• (end of a leaf): apex
Hyponyms
Derived terms
Related terms
Translations
See also

Other terms used in arithmetic operations:

Advanced hyperoperations: tetration, pentation, hexation

Verb

base (third-person singular simple present bases, present participle basing, simple past and past participle based)

  1. (transitive) To give as its foundation or starting point; to lay the foundation of.
  2. (transitive) To be located (at a particular place).
  3. (acrobatics, cheerleading) To act as a base; to be the person supporting the flyer.
    • 2005, John T. Warren, Laura B. Lengel, Casting Gender: Women and Performance in Intercultural Context, →ISBN, page 73:
      Apart from time taken out during radio- and chemotherapy, Maurs continued to participate in POW. She would base a flyer in a double balance and make the audience laugh with her clowning antics for two more shows.
Derived terms
  • base on
Translations

Etymology 2

From Middle English base, bas, from Old French bas, from Late Latin bassus (low). Cognate with Spanish bajo, Italian basso and base.

Adjective

base (comparative baser or more base, superlative basest or most base)

  1. (obsolete) Low in height; short.
  2. Low in place or position.
  3. (obsolete) Of low value or degree.
    • If thou livest in paine and sorrow, thy base courage is the cause of it, To die there wanteth but will.
  4. (archaic) Of low social standing or rank; vulgar, common.
    • 1623, Francis Bacon, De Augmentis Scientiarum
      a peasant and base swain
  5. Morally reprehensible, immoral; cowardly.
    • 1551, Ralph Robynson (translator}, More’s Utopia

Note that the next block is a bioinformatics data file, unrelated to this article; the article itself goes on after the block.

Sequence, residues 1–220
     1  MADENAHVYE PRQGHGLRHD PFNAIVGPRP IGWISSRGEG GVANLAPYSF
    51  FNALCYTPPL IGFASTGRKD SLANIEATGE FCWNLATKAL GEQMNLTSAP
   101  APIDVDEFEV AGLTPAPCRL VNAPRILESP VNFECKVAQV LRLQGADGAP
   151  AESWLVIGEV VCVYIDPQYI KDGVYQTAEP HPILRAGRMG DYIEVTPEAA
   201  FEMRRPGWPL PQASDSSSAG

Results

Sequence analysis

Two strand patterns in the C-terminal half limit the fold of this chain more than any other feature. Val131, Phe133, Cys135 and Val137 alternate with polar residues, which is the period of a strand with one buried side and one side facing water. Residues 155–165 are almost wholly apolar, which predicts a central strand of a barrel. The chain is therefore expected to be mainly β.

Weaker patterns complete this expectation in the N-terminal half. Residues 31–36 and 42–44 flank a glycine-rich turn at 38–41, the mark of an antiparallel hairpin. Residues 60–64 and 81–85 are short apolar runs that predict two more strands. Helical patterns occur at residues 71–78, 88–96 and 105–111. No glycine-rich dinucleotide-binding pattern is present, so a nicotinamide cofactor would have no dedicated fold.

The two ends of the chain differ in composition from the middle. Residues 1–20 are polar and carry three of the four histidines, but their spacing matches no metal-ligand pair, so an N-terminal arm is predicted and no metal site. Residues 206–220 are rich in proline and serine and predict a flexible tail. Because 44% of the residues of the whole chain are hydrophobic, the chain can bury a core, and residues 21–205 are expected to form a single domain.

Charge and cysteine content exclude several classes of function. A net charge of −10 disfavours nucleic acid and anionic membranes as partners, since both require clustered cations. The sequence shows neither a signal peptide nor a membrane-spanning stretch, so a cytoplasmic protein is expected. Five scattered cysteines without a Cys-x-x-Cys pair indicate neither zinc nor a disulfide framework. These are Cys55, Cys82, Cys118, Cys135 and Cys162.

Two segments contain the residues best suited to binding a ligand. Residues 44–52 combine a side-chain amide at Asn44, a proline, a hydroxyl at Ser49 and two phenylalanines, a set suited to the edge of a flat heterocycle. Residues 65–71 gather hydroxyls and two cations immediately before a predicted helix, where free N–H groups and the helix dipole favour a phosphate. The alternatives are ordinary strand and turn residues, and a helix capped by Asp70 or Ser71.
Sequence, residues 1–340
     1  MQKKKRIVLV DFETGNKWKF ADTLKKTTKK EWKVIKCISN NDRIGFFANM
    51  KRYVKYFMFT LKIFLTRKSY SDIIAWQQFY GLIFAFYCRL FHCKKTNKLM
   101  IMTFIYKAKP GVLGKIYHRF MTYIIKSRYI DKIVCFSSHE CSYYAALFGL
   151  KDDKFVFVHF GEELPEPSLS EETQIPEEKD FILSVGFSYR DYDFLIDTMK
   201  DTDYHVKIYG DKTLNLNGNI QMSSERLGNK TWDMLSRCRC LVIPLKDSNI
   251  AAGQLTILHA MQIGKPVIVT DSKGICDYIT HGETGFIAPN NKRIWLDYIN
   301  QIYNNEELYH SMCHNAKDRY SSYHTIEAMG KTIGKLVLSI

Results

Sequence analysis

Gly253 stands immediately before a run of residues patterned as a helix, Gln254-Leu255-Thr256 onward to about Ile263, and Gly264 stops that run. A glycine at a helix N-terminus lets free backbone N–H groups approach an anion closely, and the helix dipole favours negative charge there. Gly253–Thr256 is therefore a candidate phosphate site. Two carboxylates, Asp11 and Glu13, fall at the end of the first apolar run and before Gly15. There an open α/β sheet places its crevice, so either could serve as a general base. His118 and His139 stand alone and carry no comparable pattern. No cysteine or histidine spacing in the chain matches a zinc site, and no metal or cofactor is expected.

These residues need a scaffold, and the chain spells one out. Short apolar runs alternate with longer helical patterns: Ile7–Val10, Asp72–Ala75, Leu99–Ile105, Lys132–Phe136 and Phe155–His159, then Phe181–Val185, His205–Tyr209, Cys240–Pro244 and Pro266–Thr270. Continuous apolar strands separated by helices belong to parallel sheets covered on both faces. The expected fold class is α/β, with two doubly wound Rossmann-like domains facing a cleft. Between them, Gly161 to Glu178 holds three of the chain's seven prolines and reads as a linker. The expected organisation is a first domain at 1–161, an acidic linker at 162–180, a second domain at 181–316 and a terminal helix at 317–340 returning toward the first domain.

a cruel act of a base and a cowardish mind
  6. (now rare) Inferior; unworthy, of poor quality.
  7. (of a metal) Not considered precious or noble.
  8. Alloyed with inferior metal; debased.
  9. (obsolete) Of illegitimate birth; bastard.
  10. Not classical or correct.
    • base Latin
  11. Obsolete form of bass.
  12. (law) Not held by honourable service.
Usage notes
  • Said of fellows, motives, occupations, etc.
Synonyms
  • (low, short): little, petite, short
  • (of position): low-lying, lowland
  • (of value): See Thesaurus:insignificant
  • (vulgar, common): common, low-born, lowly, plebeian, vulgar
  • (immoral): See Thesaurus:despicable or Thesaurus:evil
  • (of inferior quality): See Thesaurus:low-quality
  • (describing metals):
  • (of illegitimate birth): See Thesaurus:illegitimate
  • (not classical):
  • (not held by honourable service):
Antonyms
  • likeable
  • desirable
  • admirable
  • noble
Derived terms
Translations

Etymology 3

Probably a specific use of Etymology 1, above; perhaps also a development of the plural of bar.

Noun

base (uncountable)

  1. (now chiefly US, historical) The game of prisoners’ bars. [from 15th c.]
    • 1596, Edmund Spenser, The Faerie Queene, V.8:
      So ran they all, as they had bene at bace, / They being chased that did others chase.

Etymology 4

Variant forms.

Noun

base

  1. Alternative form of BASE
Derived terms
  • base jumper
  • base jumping

Further reading

  • base on Wikipedia.Wikipedia
  • Base in the Encyclopædia Britannica (11th edition, 1911)
  • base in Webster’s Revised Unabridged Dictionary, G. & C. Merriam, 1913.
  • base in The Century Dictionary, New York, N.Y.: The Century Co., 1911.

Anagrams

  • Abes, EABs, EBSA, baes, seba

Afrikaans

Noun

base

  1. plural of baas

Asturian

Etymology

From Latin basis, from Ancient Greek βάσις (básis).

Noun

base f (plural bases)

  1. base

Related terms

  • basar
  • básicu

Catalan

Etymology

From Latin basis, from Ancient Greek βάσις (básis).

Pronunciation

  • (Balearic, Central) IPA(key): /ˈba.zə/
  • (Valencian) IPA(key): /ˈba.ze/

Noun

base f (plural bases)

  1. base
  2. basis
  3. grounding
  4. foundation

Derived terms

  • base de dades

Related terms

  • basar
  • basal
  • bàsic

Further reading

  • “base” in Diccionari de la llengua catalana, segona edició, Institut d’Estudis Catalans.

Czech

Etymology 1

Pronunciation